August 27, 1996 in Nation/World

City And County Team Up Against Pornography Governments To Share Cost Of Adult-Entertainment Prosecutor

By The Spokesman-Review

Sex may soon get more difficult to sell in Spokane County.

The City Council on Monday unanimously approved a plan that calls for the city and county to share the cost of a prosecutor whose fulltime job is writing and enforcing adult-entertainment laws.

Patty Connolly Walker, a city prosecutor, will devote 40 hours a week to writing, enforcing and defending stricter laws that deal with adult arcades, bookstores, video shops and strip joints.

“I’m so happy!” exclaimed anti-pornography crusader Penny Lancaster, when she learned the plan won council approval.

After the meeting, Mayor Jack Geraghty called the city-county alliance a positive step.

“Obviously, this is an issue of concern to many citizens in the community,” he said. “This is a way for us to join together and make regulations on an areawide basis.”

Some who work in the sex business weren’t so pleased.

“I think the whole thing is a damn sham,” said the manager of Spokane Arcade on West First, which features peep-show booths. “The city can’t afford to pave the roads, but it can afford to take us to court.”

The plan could lead to licensing dancers in strip clubs, pressing obscenity charges against some adult businesses, and closing shops that fail to comply to the stricter laws, city officials said.

Currently, laws that regulate adult businesses differ between the county and the city. Now, Walker will draft and enforce laws that will be used countywide.

“This allows the county to be able to do something it hasn’t been able to do, and it allows the city to enact ordinances it wouldn’t be able to do,” Walker said.

Walker said a laundry list of felonies is associated with sexually oriented businesses: drug dealing, money laundering, prostitution, child pornography and racketeering.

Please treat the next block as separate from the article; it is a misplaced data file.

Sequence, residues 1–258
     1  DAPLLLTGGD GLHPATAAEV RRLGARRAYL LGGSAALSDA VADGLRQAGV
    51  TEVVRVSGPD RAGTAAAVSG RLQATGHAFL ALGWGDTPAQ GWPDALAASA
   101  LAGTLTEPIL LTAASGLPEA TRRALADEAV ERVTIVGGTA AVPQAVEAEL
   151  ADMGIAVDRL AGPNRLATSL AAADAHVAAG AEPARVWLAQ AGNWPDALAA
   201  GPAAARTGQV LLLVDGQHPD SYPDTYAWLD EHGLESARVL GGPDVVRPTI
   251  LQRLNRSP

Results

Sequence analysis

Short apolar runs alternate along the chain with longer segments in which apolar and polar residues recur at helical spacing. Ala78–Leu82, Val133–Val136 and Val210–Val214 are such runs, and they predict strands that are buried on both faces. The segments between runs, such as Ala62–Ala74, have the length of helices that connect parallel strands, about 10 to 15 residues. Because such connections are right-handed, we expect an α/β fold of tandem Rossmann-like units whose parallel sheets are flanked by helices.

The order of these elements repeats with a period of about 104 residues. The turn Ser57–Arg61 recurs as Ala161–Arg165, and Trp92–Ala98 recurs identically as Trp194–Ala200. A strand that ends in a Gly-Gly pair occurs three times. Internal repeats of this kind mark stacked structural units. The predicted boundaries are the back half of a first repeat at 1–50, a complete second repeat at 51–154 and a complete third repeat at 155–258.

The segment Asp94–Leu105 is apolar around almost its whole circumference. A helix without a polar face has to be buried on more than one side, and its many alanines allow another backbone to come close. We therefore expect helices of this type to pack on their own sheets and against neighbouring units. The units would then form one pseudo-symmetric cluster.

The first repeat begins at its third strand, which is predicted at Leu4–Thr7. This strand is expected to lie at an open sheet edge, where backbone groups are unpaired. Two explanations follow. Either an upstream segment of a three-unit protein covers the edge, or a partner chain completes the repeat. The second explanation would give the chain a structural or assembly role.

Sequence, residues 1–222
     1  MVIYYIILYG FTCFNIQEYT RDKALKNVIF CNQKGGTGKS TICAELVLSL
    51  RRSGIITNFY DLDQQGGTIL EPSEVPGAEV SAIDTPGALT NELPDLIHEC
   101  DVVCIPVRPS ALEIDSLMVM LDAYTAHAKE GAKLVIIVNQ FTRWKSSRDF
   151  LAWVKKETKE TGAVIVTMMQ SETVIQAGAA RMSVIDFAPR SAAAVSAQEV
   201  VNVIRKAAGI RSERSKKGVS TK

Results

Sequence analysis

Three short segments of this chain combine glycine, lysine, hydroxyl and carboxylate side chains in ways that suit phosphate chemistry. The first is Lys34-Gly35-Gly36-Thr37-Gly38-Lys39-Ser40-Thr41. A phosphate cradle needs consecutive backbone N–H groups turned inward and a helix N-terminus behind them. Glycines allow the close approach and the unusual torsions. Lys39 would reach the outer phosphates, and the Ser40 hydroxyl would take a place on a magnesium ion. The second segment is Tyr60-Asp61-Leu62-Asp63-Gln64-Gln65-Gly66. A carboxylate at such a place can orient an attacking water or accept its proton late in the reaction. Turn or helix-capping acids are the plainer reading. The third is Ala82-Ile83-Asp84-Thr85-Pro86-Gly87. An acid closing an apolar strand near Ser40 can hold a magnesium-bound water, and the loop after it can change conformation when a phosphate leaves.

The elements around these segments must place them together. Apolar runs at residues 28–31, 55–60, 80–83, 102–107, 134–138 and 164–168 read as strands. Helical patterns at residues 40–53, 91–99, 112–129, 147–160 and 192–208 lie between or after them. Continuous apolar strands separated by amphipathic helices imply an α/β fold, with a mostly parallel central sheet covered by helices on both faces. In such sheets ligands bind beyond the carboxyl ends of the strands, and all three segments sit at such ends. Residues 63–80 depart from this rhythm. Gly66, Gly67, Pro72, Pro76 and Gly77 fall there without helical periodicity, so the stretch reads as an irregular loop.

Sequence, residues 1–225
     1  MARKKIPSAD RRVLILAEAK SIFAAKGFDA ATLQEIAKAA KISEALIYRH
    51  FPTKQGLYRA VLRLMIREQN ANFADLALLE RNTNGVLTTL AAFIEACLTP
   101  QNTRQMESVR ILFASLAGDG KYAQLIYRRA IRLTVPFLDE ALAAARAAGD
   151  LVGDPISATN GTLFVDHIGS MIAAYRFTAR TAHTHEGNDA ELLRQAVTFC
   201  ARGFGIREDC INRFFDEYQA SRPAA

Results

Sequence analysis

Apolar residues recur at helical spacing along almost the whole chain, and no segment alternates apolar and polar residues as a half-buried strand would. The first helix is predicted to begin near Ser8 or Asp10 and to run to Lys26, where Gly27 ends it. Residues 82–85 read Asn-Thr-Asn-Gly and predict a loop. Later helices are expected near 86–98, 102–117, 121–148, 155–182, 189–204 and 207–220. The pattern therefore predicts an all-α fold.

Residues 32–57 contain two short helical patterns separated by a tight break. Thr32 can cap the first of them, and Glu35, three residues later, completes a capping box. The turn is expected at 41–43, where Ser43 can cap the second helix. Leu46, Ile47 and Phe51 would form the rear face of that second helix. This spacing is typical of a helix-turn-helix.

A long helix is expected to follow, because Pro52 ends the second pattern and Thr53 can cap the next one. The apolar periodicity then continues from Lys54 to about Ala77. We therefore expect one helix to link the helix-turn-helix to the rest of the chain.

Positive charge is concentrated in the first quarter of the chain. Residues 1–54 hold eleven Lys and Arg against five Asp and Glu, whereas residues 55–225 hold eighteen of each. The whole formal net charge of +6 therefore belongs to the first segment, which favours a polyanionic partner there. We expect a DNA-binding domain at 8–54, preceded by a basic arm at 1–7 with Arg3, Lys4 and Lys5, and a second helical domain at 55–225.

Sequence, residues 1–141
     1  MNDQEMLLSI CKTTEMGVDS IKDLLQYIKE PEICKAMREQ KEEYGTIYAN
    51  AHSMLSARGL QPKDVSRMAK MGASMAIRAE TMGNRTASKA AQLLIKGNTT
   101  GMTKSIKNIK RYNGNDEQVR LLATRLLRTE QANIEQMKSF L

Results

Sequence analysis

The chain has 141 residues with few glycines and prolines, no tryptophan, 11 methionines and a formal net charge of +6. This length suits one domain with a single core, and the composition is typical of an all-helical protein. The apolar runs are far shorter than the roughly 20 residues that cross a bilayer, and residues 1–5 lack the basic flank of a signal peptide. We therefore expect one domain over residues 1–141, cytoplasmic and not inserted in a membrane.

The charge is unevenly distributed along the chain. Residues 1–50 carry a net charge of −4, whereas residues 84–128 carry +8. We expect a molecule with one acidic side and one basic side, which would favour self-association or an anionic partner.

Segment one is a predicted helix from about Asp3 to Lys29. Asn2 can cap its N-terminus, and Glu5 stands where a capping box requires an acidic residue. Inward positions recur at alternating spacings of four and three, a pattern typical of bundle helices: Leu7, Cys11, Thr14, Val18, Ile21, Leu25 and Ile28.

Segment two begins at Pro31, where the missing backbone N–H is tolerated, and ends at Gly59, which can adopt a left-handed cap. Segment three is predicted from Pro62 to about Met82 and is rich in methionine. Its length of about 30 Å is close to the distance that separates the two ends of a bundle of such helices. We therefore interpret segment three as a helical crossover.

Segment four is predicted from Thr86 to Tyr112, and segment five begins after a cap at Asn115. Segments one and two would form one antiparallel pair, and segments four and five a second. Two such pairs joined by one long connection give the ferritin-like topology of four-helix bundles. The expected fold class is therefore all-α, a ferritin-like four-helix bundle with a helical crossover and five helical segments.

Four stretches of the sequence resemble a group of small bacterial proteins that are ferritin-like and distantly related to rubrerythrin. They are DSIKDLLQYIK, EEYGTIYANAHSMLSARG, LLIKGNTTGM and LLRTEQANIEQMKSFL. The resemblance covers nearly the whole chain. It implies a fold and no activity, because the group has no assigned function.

In the past, she worked on criminal cases involving adult businesses in her spare time, making prosecution difficult.

“I’d get information all the time, and I’d just have to file it away,” she said.

Now, she’ll have more time, plus a county and city commitment to putting more police and code-enforcement resources toward enforcing adult-entertainment laws, she said.

The county will pay about $28,000 of Walker’s $70,000 salary-and-benefits package.

Lancaster, who rallied county and city support for the crackdown on adult businesses, said the council’s decision is in “the best interests of the community.”

But the manager of Spokane Arcade disagreed.

“This just appeases a small number of Christians who don’t like adult merchandise,” he said. “If they don’t like it, they don’t have to come in.”

The manager, who asked not to be identified, also disputed Walker’s statement that many crimes are linked to adult entertainment.

“We’ve never had one arrest for drug dealing. We’ve never had one arrest for prostitution,” he said.

Council members approved the plan without any comment. Spokane County commissioners gave their approval last month.

, DataTimes

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